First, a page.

An episodic comedy with seven segments.
La Diva : A fashion model brings an injured man to hospital. Naturally the doctors only have eyes for her and most of the other patients forget about their pain and jump out of bed to ogle her.
Processo a Porte Chiuse : A chicken thief tries to defend himself in court. Effectively a 5 minute monologue by a cross eyed Nino.
Ornella : The obligatory transvestite sketch. Ornella receives news that his pen pall (who is unaware of Ornella’s true gender) is coming for a visit and pretends that Ornella is his sister. This segment goes on longer than necessary and fails to deliver a satisfying ending.
Il Guardone : The funniest bit is also the shortest (and the only one without any dialogue). It concerns a near sighted peeping Tom and features some great Sixties music.
L’ultima Vergine : A young woman suspects the phone company man of being a vicious criminal. Nino deadpans all the way through. A bit repetitive but not too long.
Motrice Mia : A married man has an unhealthy obsession with trains. Quite a clever and disturbing little sketch featuring a solid buildup and some funny lines after the cat is out of the bag.
Vedo Nudo : A fashion editor starts to see naked women everywhere he goes.This one-joke sketch is just an excuse to put in as many flashes of female nudity they could get away with in 1969. Blow Up like fashion models and Nino’s Sixties bachelor pad ad to the fun but it takes to much time to resolve itself. —IMDb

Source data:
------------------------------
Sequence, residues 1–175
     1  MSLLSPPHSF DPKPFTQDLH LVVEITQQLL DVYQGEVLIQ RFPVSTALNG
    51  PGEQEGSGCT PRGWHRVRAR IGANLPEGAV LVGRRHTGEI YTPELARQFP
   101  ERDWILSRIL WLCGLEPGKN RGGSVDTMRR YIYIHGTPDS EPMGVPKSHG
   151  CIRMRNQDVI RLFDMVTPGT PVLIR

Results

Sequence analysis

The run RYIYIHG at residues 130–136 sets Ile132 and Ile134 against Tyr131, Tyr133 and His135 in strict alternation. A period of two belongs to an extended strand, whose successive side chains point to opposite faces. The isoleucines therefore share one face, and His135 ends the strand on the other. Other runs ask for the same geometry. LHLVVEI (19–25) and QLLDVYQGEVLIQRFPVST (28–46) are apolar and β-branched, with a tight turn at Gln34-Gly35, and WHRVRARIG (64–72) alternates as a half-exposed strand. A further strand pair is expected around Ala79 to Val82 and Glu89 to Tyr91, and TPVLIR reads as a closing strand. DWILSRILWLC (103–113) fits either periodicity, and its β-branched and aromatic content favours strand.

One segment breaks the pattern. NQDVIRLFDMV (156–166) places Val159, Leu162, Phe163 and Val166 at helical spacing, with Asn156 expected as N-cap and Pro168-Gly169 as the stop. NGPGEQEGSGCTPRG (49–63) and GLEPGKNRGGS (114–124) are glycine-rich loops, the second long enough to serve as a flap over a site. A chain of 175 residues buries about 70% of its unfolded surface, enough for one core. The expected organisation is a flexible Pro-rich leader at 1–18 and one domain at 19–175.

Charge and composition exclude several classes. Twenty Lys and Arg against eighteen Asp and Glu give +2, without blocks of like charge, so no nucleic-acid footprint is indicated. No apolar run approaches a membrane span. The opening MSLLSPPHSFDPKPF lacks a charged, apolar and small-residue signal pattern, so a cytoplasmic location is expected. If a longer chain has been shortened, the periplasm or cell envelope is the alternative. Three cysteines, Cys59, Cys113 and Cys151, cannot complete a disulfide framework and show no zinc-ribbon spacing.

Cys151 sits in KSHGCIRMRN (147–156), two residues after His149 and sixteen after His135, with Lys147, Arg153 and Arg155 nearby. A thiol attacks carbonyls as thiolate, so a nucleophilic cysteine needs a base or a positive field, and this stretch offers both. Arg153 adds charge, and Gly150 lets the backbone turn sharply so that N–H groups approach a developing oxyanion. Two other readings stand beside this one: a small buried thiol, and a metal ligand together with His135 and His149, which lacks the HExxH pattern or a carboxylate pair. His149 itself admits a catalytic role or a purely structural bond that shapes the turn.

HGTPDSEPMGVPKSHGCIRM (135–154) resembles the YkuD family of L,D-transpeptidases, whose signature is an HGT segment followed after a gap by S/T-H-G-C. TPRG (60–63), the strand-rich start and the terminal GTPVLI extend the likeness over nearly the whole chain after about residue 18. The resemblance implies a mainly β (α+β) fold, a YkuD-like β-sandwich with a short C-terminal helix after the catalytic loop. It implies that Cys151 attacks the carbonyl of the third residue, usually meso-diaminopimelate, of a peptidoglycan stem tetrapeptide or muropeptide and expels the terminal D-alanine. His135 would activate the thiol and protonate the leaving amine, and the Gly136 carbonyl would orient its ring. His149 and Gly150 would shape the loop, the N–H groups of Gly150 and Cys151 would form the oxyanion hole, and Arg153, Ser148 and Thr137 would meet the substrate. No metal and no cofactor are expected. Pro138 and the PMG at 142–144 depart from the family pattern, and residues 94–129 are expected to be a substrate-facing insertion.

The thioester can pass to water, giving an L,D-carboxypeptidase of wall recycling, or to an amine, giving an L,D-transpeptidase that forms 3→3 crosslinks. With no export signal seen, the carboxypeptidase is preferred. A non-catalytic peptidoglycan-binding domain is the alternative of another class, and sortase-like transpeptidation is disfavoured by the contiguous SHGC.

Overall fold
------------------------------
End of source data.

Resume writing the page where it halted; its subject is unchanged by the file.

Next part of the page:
Dino Risi was born in Milan on 23 December 1917. He began his cinematographic career as Mario Soldati’s assistant on Old-Fashioned World (Piccolo mondo antico) in 1940 and then as Lattuada’s assistant in Giacomo the Idealist (Giacomo l’idealista) in 1942. During that period he also contributed to the scripts of the films Anna by Lattuada (1952), Totò e i re di Roma (1951) by Steno and Monicelli and Sunday Heroes (Gli eroi della domenica) by Camerini (1952).
After a series of short films (the most famous of which was Buio in sala), in 1952 he moved to Rome and produced his first fictional feature film, Vacanze col gangster. In 1953 he directed Paradiso per tre ore, an episode in the film Love in the City (L’amore in città) (the other episodes were produced by Antonioni, Fellini and Lattuada), his first experiment with a genre that he was to specialise in over the coming decade.
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